File Download

There are no files associated with this item.

  Links for fulltext
     (May Require Subscription)
Supplementary

Conference Paper: Bilingual false recollection: an EEG study

TitleBilingual false recollection: an EEG study
Authors
KeywordsPsychology linguistics
Issue Date2006
PublisherAcademic Press. The Journal's web site is located at http://www.elsevier.com/locate/b&l
Citation
The 44th Annual Meeting of the Academy of Aphasia, Victoria, BC., 15-17 October 2006. In Brain and Language, 2006, v. 99 n. 1-2, p. 169-171 How to Cite?
AbstractINTRODUCTION: False recollection in the Deese-Roediger-McDermott (DRM) paradigm describes the phenomenon of remembering critical words, e.g., SLEEP that are thematically related to a list of study words, e.g., BED, REST, AWAKE. Different theoretical accounts of false recollection generate alternative predictions about the false memory effect. Activation monitoring theory (AMT) (Roediger & McDermott, 1999) assumes that false recollection of critical words results from failure to monitor the source of activation, which is the same process that is used to correctly identify studied words and thus support veridical recollection. Fuzzy Trace Theory (FTT) (Brainerd & Reyna, 2002) assumes that false memories arise because participants automatically infer the theme or meaning of studied words but confuse words presented at test with nonpresented items that are representative of that theme and veridical recollection depends on verbatim memory. The difference between these accounts is FTT allows for dissociable memory traces and AMT does not. …
DescriptionThese journal issues are the Special Abstract Issue of the Academy of Aphasia 2006 Program
Poster session 3 - Bilingual
Persistent Identifierhttp://hdl.handle.net/10722/128522
ISSN
2015 Impact Factor: 3.038
2015 SCImago Journal Rankings: 1.913
ISI Accession Number ID

 

DC FieldValueLanguage
dc.contributor.authorMolina, AI-
dc.contributor.authorSu, IF-
dc.contributor.authorKnight, C-
dc.contributor.authorHolliday, R-
dc.contributor.authorWeekes, BS-
dc.date.accessioned2010-11-01T04:27:05Z-
dc.date.available2010-11-01T04:27:05Z-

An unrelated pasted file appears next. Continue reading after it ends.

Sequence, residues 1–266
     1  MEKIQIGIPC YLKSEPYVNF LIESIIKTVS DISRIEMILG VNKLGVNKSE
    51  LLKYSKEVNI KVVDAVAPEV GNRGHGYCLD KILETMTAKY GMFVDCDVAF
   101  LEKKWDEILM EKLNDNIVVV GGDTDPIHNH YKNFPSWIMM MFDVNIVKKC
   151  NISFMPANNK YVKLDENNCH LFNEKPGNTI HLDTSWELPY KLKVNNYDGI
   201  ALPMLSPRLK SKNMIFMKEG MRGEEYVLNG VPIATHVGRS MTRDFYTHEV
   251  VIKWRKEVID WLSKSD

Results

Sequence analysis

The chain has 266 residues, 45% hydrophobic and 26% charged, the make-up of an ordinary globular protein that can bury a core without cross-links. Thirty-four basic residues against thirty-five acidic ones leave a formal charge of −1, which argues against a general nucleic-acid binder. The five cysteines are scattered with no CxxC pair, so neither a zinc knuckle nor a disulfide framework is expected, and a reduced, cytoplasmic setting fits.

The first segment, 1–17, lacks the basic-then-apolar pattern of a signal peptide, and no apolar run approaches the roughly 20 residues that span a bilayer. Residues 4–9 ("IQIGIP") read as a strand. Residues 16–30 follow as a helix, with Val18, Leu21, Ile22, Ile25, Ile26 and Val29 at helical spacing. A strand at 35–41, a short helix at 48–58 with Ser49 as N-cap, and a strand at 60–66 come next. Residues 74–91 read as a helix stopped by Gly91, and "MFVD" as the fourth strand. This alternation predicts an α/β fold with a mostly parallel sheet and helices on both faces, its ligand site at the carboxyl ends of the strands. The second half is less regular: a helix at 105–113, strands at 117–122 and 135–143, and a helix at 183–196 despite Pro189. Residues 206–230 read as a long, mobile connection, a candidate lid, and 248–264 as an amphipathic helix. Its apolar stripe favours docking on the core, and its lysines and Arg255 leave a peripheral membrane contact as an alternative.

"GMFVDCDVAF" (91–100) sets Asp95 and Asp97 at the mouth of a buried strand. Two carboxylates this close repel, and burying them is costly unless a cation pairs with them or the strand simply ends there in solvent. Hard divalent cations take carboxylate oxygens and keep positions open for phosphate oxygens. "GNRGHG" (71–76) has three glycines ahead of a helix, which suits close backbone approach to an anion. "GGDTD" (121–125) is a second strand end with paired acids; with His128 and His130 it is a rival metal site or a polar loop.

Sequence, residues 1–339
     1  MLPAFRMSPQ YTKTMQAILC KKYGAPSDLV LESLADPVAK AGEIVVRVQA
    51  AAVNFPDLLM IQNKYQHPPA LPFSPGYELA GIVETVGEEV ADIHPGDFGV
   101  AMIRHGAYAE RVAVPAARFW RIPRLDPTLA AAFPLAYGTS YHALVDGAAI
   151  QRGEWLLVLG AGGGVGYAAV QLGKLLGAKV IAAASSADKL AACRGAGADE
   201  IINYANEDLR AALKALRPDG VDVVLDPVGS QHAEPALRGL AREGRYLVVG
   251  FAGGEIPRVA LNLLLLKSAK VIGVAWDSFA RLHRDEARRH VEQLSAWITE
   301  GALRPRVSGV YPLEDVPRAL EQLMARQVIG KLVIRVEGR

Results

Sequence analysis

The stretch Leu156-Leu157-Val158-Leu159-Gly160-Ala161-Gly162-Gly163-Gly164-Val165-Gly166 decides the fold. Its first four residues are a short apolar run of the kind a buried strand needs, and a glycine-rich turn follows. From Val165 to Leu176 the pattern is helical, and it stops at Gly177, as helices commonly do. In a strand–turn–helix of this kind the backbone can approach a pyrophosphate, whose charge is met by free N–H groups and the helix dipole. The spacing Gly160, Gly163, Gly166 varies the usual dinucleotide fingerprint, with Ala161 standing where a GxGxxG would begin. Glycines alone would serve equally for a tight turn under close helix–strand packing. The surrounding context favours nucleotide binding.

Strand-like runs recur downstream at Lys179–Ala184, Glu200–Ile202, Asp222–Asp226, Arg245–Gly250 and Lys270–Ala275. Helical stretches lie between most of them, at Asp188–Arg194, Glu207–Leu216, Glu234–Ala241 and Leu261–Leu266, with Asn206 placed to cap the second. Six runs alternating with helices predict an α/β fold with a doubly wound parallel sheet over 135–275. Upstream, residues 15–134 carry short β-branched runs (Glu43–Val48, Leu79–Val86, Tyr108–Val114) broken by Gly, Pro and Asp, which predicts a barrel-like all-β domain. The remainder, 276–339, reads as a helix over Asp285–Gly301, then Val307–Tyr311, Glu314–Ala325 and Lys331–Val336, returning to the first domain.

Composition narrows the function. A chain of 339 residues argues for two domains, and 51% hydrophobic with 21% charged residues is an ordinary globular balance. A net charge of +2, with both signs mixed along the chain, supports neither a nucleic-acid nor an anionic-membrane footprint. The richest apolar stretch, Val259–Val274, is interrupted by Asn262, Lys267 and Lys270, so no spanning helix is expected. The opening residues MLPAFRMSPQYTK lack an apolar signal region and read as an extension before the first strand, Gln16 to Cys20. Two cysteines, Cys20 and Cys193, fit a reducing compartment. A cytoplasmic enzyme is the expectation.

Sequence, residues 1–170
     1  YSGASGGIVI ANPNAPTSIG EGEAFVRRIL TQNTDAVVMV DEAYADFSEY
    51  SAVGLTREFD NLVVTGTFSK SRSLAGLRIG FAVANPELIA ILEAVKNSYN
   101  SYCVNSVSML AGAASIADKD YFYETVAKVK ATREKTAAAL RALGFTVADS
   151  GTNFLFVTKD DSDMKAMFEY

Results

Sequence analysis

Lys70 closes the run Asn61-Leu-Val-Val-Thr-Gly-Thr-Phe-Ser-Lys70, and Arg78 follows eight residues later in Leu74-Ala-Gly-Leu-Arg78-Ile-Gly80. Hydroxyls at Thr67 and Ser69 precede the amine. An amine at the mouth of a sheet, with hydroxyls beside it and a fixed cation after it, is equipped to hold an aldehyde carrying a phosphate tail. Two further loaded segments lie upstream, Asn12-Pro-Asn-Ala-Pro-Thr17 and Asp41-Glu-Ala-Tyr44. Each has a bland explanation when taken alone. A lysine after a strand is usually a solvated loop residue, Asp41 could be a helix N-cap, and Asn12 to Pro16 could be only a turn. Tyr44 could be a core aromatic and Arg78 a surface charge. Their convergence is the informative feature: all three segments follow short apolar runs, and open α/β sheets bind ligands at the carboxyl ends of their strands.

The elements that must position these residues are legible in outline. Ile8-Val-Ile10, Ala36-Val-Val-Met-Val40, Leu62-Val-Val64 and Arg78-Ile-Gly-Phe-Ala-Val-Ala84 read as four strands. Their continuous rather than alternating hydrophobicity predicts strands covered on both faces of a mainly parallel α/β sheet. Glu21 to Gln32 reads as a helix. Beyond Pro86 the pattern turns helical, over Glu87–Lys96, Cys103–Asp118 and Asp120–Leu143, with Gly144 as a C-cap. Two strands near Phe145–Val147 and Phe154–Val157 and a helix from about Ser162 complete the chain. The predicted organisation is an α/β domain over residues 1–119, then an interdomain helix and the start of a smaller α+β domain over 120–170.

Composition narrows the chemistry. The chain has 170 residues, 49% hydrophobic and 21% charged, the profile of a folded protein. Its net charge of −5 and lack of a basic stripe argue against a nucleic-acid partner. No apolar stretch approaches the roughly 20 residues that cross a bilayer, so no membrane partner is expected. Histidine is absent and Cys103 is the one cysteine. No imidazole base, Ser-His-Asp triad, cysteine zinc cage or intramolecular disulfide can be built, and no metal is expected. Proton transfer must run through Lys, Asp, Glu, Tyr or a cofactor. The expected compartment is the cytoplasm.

dc.date.issued2006-
dc.identifier.citationThe 44th Annual Meeting of the Academy of Aphasia, Victoria, BC., 15-17 October 2006. In Brain and Language, 2006, v. 99 n. 1-2, p. 169-171-
dc.identifier.issn0093-934X-
dc.identifier.urihttp://hdl.handle.net/10722/128522-
dc.descriptionThese journal issues are the Special Abstract Issue of the Academy of Aphasia 2006 Program-
dc.descriptionPoster session 3 - Bilingual-
dc.description.abstractINTRODUCTION: False recollection in the Deese-Roediger-McDermott (DRM) paradigm describes the phenomenon of remembering critical words, e.g., SLEEP that are thematically related to a list of study words, e.g., BED, REST, AWAKE. Different theoretical accounts of false recollection generate alternative predictions about the false memory effect. Activation monitoring theory (AMT) (Roediger & McDermott, 1999) assumes that false recollection of critical words results from failure to monitor the source of activation, which is the same process that is used to correctly identify studied words and thus support veridical recollection. Fuzzy Trace Theory (FTT) (Brainerd & Reyna, 2002) assumes that false memories arise because participants automatically infer the theme or meaning of studied words but confuse words presented at test with nonpresented items that are representative of that theme and veridical recollection depends on verbatim memory. The difference between these accounts is FTT allows for dissociable memory traces and AMT does not. …-
dc.languageeng-
dc.publisherAcademic Press. The Journal's web site is located at http://www.elsevier.com/locate/b&l-
dc.relation.ispartofBrain and Language-
dc.subjectPsychology linguistics-
dc.titleBilingual false recollection: an EEG studyen_HK
dc.typeConference_Paperen_HK
dc.identifier.openurlhttp://library.hku.hk:4550/resserv?sid=HKU:IR&issn=0093-934X&volume=99&issue=1-2&spage=169&epage=171&date=2006&atitle=Bilingual+false+recollection:+an+EEG+study-
dc.identifier.emailSu, IF: ifansu@hku.hk-
dc.identifier.emailWeekes, BS: weekes@hku.hk-
dc.identifier.doi10.1016/j.bandl.2006.06.099-
dc.identifier.hkuros172651-
dc.identifier.hkuros172675-
dc.identifier.volume99-
dc.identifier.issue1-2-
dc.identifier.spage169-
dc.identifier.epage171-
dc.identifier.isiWOS:000242198900086-
dc.publisher.placeUnited States-
dc.description.otherThe 44th Annual Meeting of the Academy of Aphasia, Victoria, BC., 15-17 October 2006. In Brain and Language, 2006, v. 99 n. 1-2, p. 169-171-

Export via OAI-PMH Interface in XML Formats


OR


Export to Other Non-XML Formats